Photo by Melody

PlantFiles: Paracaryum
Paracaryum coelestinum

Family: Boraginaceae
Genus: Paracaryum (par-uh-KAR-ee-um) (Info)
Species: coelestinum (koh-el-ES-tee-num) (Info)

One member has or wants this plant for trade.


24-36 in. (60-90 cm)

15-18 in. (38-45 cm)
18-24 in. (45-60 cm)

USDA Zone 3a: to -39.9 C (-40 F)
USDA Zone 3b: to -37.2 C (-35 F)
USDA Zone 4a: to -34.4 C (-30 F)
USDA Zone 4b: to -31.6 C (-25 F)
USDA Zone 5a: to -28.8 C (-20 F)
USDA Zone 5b: to -26.1 C (-15 F)
USDA Zone 6a: to -23.3 C (-10 F)
USDA Zone 6b: to -20.5 C (-5 F)
USDA Zone 7a: to -17.7 C (0 F)
USDA Zone 7b: to -14.9 C (5 F)
USDA Zone 8a: to -12.2 C (10 F)
USDA Zone 8b: to -9.4 C (15 F)
USDA Zone 9a: to -6.6 C (20 F)
USDA Zone 9b: to -3.8 C (25 F)
USDA Zone 10a: to -1.1 C (30 F)
USDA Zone 10b: to 1.7 C (35 F)

Sun Exposure:
Full Sun

Unknown - Tell us

Bloom Color:
Light Blue

Bloom Time:
Unknown - Tell us


Other details:
This plant is attractive to bees, butterflies and/or birds
Drought-tolerant; suitable for xeriscaping
Average Water Needs; Water regularly; do not overwater
Self-sows freely; deadhead if you do not want volunteer seedlings next season

Soil pH requirements:
Unknown - Tell us

Patent Information:
Unknown - Tell us

Propagation Methods:
Unknown - Tell us

Seed Collecting:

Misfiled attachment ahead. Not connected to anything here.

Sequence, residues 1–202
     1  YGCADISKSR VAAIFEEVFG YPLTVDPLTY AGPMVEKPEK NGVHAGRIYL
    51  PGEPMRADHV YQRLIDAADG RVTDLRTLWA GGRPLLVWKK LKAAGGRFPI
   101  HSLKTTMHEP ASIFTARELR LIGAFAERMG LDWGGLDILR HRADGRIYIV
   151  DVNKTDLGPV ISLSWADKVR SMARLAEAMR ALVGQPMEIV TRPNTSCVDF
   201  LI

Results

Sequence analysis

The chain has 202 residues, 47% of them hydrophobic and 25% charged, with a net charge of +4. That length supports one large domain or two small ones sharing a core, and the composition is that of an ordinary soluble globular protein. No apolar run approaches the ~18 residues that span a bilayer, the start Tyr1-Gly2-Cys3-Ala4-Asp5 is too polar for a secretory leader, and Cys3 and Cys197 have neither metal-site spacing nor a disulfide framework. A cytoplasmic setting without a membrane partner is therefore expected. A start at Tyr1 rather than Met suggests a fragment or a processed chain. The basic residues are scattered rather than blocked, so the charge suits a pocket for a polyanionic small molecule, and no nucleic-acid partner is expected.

Unknown - Tell us


1 positive
1 neutral
No negatives

Gardeners' Notes:

Positive Devorah On Nov 4, 2013, Devorah from Oak Park, CA wrote:

I picked this up in a 4" pot one day because I loved the true-blue flowers. It looks very much like Forget-Me-Nots. It's lovely and extremely easy to grow, but one caveat: it spreads like wild fire if you let the seeds disperse. And those seeds are really something else! They stick to EVERYTHING. You'll track them in on your shoelaces if you even brush up against the plant. This summer, on a lark, I decided to gather these tenacious seeds and throw them around the whole flower bed. Well...guess what? I have the plants growing all over the place...duh! I don't find them to be deep rooted, though, and they're easy to dispose of if they get out of hand. (Mexican Primroses, for example, can be real pests, but these aren't in that category.) It's a lot easier, though, if you yank them before they set seed and hitch a ride on you like those birds that hang out on rhinoceroses.

Neutral Btic On Jul 16, 2010, Btic from Ann Arbor, MI wrote:

The John Henry tag LK0304 identifies Mediterranean Paracaryum as "Lavish clusters of flowers on silver-gray foliage. Adds color to garden's edge. How To Grow: Plant in part sun. Grows to 24" (61 cm) tall. Spreads to 36" (91 cm.) The image shows medium blue 5 petaled blossoms.


This plant has been said to grow in the following regions:

Oak Park, California

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